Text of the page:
igorbone wrote: eskimo38 wrote:
Sobran wrote:Picking a lock or evading security can be non-issues or near-impossible based solely on the current level of the Doom Pool. There isn't even a basic "difficulty level". This is something that needs to be fixed going forward and something I will certainly houserule.
I respectfully disagree with this point. The joy of the game is the narrative base. In actual comics those things do not have a basic difficulty level - sometimes they are easy, and sometimes impossible, depending upon how the action fits and furthers the story. The Doom Pool as a mechanic is meant to represent the seriousness/severity of tone to the story being told at that moment. I have found that managing the Doom Pool is as much about that for me as Watcher than about how I use the dice. For the lesser moments, I find the Doom Pool is very fluid with lots of d6 and d8, and when things start getting iffy for the heroes we look down and find the doom pool with something like d12 3d10 2d6...and everyone knows things are bad. Of course my players treat PP about the same way...
I would like to add that there is also the automatic success rule. It's not that a lock is harder to pick if the Doom Pool is higher. You could just say that your Covert applies to it and you don't even have to roll. It's just that the place you are trying to pick the lock is a dangerous place to bw, and when you are spotted all hell will break loose.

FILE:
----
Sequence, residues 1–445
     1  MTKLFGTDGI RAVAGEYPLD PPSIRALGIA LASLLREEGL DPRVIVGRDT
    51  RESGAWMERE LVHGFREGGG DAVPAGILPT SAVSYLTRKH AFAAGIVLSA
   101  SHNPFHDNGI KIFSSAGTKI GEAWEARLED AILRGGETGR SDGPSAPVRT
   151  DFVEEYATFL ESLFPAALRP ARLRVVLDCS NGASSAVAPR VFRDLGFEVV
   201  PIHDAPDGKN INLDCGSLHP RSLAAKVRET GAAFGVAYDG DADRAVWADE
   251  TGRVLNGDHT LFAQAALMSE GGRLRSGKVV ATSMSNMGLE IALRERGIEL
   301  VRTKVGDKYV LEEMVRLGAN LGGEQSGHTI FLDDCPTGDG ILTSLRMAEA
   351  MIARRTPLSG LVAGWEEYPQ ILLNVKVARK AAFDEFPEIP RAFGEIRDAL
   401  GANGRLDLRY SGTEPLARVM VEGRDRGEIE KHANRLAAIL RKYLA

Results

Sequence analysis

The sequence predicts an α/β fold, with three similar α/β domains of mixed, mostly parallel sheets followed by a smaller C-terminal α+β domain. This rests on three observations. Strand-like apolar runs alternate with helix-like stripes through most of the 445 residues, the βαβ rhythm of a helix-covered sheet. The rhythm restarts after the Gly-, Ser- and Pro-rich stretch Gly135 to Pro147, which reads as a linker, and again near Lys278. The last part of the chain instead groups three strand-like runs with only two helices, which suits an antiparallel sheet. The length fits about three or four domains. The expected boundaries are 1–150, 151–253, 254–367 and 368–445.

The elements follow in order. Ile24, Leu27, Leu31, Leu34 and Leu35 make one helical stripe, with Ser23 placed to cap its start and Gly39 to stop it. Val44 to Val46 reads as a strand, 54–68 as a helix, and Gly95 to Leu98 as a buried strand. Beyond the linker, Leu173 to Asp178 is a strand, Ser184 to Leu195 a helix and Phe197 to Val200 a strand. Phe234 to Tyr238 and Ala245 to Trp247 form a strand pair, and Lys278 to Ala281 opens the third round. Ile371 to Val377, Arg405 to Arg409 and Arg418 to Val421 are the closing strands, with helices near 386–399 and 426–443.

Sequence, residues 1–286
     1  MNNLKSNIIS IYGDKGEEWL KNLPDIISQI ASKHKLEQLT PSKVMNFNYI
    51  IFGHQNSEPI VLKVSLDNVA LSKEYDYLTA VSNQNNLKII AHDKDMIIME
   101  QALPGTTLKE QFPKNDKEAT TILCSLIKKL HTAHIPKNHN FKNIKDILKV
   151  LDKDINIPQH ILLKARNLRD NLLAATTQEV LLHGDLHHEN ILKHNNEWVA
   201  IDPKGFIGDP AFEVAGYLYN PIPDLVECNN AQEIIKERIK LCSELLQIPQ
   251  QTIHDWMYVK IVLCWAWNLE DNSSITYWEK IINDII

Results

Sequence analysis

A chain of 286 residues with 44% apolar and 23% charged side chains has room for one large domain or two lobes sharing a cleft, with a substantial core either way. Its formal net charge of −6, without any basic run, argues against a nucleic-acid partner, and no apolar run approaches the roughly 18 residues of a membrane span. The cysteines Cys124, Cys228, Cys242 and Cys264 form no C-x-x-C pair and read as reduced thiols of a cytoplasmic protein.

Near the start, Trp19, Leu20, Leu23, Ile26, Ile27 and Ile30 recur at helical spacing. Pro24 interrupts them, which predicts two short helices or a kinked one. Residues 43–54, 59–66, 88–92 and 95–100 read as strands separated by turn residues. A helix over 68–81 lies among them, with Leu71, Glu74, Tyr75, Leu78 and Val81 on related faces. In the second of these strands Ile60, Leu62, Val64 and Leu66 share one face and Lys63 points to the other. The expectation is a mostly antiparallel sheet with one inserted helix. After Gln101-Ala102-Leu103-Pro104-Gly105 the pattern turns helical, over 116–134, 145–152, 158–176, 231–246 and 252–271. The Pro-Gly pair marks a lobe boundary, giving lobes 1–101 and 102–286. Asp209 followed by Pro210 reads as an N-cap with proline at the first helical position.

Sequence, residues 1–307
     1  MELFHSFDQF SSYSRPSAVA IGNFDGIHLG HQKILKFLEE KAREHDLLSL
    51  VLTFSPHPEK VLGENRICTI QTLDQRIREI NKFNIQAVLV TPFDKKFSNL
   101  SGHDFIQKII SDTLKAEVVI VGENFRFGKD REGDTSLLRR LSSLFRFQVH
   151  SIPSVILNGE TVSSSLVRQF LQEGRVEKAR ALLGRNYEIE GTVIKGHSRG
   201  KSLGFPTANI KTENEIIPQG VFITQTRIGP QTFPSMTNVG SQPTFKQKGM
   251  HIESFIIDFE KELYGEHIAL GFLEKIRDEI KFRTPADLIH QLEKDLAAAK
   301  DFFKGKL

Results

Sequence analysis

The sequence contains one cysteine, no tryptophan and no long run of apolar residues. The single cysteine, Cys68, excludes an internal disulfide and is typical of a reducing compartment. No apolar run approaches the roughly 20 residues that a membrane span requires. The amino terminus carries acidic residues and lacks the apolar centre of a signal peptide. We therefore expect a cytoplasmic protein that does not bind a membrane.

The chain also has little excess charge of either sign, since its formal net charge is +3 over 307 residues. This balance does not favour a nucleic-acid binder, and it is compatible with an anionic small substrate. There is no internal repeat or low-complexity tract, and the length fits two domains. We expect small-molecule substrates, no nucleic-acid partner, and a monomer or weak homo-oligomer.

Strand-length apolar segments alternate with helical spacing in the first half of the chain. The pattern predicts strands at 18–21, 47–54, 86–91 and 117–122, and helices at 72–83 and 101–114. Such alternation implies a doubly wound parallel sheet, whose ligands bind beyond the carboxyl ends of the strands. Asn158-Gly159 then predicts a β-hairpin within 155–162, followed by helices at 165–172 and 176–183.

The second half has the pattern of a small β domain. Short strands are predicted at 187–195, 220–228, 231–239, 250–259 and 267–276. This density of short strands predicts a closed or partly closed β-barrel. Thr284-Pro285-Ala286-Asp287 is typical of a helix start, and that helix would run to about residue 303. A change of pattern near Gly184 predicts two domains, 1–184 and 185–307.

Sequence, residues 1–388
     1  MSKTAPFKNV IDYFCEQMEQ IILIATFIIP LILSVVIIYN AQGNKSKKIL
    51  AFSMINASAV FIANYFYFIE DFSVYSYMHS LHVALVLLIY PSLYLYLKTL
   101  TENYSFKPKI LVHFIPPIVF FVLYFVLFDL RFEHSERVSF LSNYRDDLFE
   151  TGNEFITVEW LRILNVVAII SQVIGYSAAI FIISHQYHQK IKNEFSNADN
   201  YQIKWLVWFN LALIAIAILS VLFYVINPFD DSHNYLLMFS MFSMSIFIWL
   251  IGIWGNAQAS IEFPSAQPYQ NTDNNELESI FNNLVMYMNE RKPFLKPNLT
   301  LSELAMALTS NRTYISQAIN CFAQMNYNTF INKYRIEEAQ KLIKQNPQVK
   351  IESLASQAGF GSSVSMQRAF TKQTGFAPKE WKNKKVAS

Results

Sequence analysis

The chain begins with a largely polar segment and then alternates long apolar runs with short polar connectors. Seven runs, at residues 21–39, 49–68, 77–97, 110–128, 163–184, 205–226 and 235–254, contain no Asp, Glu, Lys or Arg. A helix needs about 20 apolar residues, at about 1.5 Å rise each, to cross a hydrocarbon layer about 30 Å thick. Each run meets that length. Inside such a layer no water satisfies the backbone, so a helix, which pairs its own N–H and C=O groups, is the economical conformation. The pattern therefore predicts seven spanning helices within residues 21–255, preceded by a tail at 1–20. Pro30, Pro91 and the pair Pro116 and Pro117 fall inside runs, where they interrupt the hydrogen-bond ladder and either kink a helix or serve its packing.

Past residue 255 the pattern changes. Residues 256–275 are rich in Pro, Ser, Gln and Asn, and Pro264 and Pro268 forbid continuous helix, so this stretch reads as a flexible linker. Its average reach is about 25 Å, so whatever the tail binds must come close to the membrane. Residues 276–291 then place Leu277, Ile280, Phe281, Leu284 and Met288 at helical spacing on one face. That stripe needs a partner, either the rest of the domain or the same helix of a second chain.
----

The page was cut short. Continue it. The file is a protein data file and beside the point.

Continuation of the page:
The Doom Pool is also part of the narrative and you should try to make it happen. If the players are in a supposed easy scene, but with a Doom Pool of only d10+, just ignore the Pool, give them automatic success, stop buying opportunities since there is nothing raising the risks... and make the hard times come when it's the proper time.
This is what I currently do. It works and I don't have a HUGE problem with it. That being said, I don't think the fact that I am able to work around it necessarily means it isn't a flaw in the system. If Luke Cage is trying to leap an alley in the middle of a Kree invasion, with fire and lasers raining everywhere, I have no problem with the difficulty spiking--he's stressed. There are other situations where I don't find this appropriate and find myself reduced to either handwaving it or assigning an arbitrary die pool.
On the other hand, assigning an arbitrary die pool is essentially what any other RPG would do in this situation. The only difference is that they have a table of arbitrary numbers. *shrug* Either way, we'll just have to disagree on this point.
ON TOPIC: Having read OP's reply here and in the other thread, I do see a recurring theme of "gamist mentality". In that case... fair enough. I can see two ways to approach this.
A) Try to modify the group's behavior. I think this is the way a lot of GMs would go; particularly inexperienced ones. It certainly has its merits though. If you could try to explain the merits of a narrative system, ect ect, they may come around. This may not be the best solution though.
B) If your group really DOES want to just take the rocks as they hits 'em, play up the teamwork. In fact, while someone could say, "Hey Scott, it's just to your left!" and then hand them a resource die or whatever, they could also just run over, pick it up, and hand it to him. In the latter case, the roll isn't even necessary as they HAVE all their senses available. They just give up an action and slap Cyke's visor on. No handouts and the players are happy. (I hope.)